India drops plan to punish journalists for 'fake news'

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"A fuming prime minister told his office to direct the I&B Ministry to withdraw the directive with immediate effect", the newspaper quoted PMO sources as saying. "One can clearly see a loss of control and panic setting in now", Rahul tweeted.

A journalist is accredited with the Press Information Bureau of the Centre after she/he has least "five years' experience as a full-time working journalist".

On Monday, the Information and Broadcasting Ministry had said the government would cancel its accreditation of journalists who peddled "fake news".

According to this statement, the guidelines provided for automatic suspension of a journalist's accreditation every time someone complained that a news report was a "fake".

The agencies would complete the determination process within 15 days, the statement said.

A day after unveiling a set of rules aimed at penalizing journalists for propagating "fake news", the government of India has withdrawn the measure after it sparked an unprecedented outcry among journalists and proponents of the free press.

To further justify the amendment it was claimed that an increase has been witnessed in the "instances of fake news in various mediums including print and electronic media".

PCI and National Basketball Association are regulatory bodies that govern the conduct of print and broadcast media respectively.

The guidelines drew a sharp reaction from the Congress and several journalists. Issues now are that the majority of fake news comes from online operators, and this release only concerns print and TV players.

In a sign of disdain for mainstream media, Narendra Modi, who is an active Twitter user and makes a monthly address to the country, has been asking his compatriots to follow the latest news and updates through his mobile app. Parallels were drawn with then Prime Minister Rajiv Gandhi's Defamation Bill in 1988, which he had to drop in the face of joint action by the media. All media shd bury their differences and resist this. The journalists community is as concerned as the public regarding the purveying of fake news, which has the very potential of altering and subverting the character of Indian democracy. "What is guarantee that these rules will not be misused to harass honest reporters?"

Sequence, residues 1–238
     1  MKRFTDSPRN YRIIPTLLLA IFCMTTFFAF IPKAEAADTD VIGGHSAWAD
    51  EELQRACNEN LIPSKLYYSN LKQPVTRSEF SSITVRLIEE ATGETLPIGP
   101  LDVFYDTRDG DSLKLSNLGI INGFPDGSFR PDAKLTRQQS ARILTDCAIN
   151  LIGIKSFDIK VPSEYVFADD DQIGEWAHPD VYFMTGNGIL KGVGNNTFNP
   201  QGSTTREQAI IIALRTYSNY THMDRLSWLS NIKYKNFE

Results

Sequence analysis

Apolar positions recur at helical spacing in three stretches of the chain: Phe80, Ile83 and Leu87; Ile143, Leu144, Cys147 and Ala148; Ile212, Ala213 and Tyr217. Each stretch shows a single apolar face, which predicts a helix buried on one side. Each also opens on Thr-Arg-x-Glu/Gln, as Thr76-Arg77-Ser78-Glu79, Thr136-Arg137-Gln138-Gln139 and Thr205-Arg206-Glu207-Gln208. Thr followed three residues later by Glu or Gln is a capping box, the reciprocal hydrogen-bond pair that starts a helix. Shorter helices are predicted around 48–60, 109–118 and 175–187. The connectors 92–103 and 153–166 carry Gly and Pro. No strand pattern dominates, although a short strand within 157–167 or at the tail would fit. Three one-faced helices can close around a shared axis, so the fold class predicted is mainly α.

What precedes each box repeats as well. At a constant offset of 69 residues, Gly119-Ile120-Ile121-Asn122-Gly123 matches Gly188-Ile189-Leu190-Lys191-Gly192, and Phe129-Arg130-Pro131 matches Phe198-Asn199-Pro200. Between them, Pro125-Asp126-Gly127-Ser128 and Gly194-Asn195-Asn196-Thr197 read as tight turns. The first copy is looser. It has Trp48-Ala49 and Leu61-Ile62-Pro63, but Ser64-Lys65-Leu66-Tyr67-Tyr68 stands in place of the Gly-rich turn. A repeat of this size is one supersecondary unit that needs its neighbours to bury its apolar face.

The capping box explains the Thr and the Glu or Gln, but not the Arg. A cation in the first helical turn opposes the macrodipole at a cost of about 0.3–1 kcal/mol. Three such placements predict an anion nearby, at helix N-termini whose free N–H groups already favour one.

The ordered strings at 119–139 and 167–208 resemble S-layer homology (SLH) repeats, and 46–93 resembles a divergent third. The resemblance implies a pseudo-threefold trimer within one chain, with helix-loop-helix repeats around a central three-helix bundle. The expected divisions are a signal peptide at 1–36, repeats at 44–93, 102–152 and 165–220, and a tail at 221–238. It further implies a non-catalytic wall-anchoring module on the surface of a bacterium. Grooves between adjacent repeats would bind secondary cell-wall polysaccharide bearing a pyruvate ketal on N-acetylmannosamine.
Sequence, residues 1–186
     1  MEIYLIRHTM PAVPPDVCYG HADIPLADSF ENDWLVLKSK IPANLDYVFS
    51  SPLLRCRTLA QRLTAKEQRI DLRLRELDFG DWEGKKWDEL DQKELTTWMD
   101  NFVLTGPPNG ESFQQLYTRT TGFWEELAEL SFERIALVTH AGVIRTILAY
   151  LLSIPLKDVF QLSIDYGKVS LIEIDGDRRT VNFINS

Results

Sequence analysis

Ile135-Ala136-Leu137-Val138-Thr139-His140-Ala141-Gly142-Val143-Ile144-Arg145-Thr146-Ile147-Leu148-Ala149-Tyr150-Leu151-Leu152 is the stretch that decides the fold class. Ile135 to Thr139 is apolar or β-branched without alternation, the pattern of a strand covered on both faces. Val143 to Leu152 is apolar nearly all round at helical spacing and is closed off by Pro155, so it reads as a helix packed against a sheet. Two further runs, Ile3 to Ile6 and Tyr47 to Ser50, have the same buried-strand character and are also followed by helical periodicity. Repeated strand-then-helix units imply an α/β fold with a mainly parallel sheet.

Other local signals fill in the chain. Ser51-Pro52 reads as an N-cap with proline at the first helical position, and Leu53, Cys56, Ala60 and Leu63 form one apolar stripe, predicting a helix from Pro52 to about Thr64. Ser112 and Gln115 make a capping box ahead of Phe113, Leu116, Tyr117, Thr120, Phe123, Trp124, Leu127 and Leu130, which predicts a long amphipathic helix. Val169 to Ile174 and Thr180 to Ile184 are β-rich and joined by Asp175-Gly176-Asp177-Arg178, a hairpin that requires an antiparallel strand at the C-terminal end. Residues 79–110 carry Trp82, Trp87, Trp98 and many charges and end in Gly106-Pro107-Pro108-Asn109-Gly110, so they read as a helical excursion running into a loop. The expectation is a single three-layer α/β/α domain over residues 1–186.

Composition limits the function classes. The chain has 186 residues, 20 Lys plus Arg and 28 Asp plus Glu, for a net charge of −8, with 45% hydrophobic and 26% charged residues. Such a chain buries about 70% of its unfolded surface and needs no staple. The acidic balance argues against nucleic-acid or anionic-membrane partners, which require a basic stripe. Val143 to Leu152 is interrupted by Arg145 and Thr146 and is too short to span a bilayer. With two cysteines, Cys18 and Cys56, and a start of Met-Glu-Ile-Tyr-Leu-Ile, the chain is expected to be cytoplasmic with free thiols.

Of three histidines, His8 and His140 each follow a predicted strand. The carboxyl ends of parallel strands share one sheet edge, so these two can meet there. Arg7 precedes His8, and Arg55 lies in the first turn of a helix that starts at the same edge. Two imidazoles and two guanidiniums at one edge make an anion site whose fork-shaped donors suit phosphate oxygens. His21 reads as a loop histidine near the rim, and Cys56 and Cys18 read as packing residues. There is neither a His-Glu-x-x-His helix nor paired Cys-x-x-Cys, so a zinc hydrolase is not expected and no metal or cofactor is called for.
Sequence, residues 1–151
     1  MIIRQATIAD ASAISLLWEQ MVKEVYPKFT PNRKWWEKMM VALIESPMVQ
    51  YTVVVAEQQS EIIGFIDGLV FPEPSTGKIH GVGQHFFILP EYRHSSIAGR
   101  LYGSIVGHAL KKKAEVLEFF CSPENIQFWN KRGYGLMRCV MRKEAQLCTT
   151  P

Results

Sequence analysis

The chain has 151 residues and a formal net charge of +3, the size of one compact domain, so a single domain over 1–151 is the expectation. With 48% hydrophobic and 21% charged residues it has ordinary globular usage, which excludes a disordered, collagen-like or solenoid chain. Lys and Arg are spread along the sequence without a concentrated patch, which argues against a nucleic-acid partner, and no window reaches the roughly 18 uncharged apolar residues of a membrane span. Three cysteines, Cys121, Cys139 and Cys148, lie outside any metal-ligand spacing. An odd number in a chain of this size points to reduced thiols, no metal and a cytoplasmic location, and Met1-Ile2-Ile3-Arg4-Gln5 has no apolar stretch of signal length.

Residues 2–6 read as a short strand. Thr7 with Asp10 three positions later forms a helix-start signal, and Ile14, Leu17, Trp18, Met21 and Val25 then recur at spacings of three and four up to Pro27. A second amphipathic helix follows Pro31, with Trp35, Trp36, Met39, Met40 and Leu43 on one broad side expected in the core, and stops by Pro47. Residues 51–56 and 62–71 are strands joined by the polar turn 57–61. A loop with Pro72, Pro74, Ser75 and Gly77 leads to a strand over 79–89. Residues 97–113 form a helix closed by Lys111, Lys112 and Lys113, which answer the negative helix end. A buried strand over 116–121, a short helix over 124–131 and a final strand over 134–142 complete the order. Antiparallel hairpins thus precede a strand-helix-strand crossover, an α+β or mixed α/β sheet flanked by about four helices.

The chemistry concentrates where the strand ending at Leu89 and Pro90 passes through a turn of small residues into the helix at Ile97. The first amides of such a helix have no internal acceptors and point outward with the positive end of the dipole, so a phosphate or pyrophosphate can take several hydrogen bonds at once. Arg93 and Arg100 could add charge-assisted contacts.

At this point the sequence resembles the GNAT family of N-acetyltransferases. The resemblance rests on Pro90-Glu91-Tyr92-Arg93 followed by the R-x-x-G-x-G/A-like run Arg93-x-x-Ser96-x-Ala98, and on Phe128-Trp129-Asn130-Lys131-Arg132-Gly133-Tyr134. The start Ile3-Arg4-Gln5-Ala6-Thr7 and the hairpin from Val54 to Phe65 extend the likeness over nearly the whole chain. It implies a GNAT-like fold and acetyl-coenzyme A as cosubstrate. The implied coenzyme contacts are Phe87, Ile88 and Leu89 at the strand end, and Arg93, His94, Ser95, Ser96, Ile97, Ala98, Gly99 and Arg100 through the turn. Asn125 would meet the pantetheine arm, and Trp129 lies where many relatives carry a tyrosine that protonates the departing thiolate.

Journalists with a complaint registered against them would automatically have had their accreditation cancelled, till a regulating agency decided on the matter.

He said that the government was into the "business of propaganda", which was also "fake news" and added that the government should be kept away to discuss the subject of fake news, a point which was raised by other speakers also.

"Through the circular, I believe the government was testing the waters". The Anti-Fake News Bill was passed by the majority of parliament, with 123 members voting in favor and 64 members voting against.

Journalists welcomed the change, though many were also wary about what had happened. The Opposition parties, including the Congress, also attacked the government for its attempt to "scare and gag" the media.

But critics have questioned the BJP's commitment to fighting fake news, pointing to several party members' defence of the recently arrested founder of PostCard News on charges including committing deliberate and malicious acts meant to outrage sentiments as evidence of this.

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